Stapleton, Thomas

Stapleton, Thomas, a Roman Catholic clergyman, was born at Henfield, Sussex, England, in 1535. He was educated at Canterbury and Winchester, and then removed to New College, Oxford, where he obtained a perpetual fellowship in 1554. In the same, reign, that of Mary, he was made, prebendary of Chichester;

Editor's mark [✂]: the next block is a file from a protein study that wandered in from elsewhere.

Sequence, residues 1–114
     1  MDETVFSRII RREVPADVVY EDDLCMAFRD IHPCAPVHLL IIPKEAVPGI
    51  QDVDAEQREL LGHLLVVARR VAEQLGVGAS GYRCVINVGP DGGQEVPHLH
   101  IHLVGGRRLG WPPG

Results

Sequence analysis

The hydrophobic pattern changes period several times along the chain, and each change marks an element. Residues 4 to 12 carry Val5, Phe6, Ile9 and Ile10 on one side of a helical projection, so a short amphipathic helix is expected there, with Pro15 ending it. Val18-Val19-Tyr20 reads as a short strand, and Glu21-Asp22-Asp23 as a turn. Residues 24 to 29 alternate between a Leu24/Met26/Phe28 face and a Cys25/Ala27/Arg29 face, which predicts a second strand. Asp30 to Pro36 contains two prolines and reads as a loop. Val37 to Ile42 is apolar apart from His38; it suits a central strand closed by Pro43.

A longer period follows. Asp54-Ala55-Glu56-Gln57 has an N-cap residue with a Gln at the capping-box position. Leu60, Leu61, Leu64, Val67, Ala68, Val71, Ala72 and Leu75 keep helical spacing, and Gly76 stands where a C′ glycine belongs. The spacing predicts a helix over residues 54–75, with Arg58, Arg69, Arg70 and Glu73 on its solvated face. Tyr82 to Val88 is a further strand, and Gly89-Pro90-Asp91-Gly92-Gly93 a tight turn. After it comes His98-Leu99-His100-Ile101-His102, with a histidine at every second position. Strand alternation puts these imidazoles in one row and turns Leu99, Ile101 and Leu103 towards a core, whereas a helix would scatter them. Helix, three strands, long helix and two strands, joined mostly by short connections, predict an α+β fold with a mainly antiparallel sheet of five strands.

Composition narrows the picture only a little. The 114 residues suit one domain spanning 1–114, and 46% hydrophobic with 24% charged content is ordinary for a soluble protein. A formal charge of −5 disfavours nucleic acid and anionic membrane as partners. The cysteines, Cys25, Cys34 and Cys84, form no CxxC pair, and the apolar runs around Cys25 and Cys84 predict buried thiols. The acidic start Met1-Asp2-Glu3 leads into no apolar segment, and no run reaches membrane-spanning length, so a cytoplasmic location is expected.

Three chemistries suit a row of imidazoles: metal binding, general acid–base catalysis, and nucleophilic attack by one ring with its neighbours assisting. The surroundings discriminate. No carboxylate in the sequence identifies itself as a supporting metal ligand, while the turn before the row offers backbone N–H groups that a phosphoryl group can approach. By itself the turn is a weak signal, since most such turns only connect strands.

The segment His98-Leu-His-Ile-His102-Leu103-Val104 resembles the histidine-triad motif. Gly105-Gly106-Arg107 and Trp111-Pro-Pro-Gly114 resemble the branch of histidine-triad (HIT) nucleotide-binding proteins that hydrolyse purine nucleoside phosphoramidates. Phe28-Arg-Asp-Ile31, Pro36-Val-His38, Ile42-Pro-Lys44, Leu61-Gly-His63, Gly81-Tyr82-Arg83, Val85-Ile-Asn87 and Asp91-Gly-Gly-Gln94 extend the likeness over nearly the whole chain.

but, on the accession of Elizabeth, left the kingdom, and settled at Louvain, where he distinguished himself by his controversial writings against Jewel, Horne, Whitaker, and other eminent divines of the English Church. He also visited Paris and Rome; but returned to Louvain, where he translated Bede's Church History into English. He was made regius professor of divinity at Douay, and canon in the Church of St. Amonre. He became a Jesuit, but relinquished the order; and was appointed regius professor of divinity at Louvain, canon of St. Peter's, and dean of Hillerbeck. He died in 1598. His chief works are, Tres Thomoe, seu Res Gestoe S. Thomoe Apost., S. Thomoe Archiep. Song of Solomon et Thomoe Mori: — Orationes Funebres (Antwerp, 1577): — Orationes Catecheticoe (ibid. 1598): — Orationes Academicoe Miscellaneoe (ibid. 1602). His works were published collectively at Paris in 1620 (4 vols. fol.), to which is prefixed his life by Hollendum.

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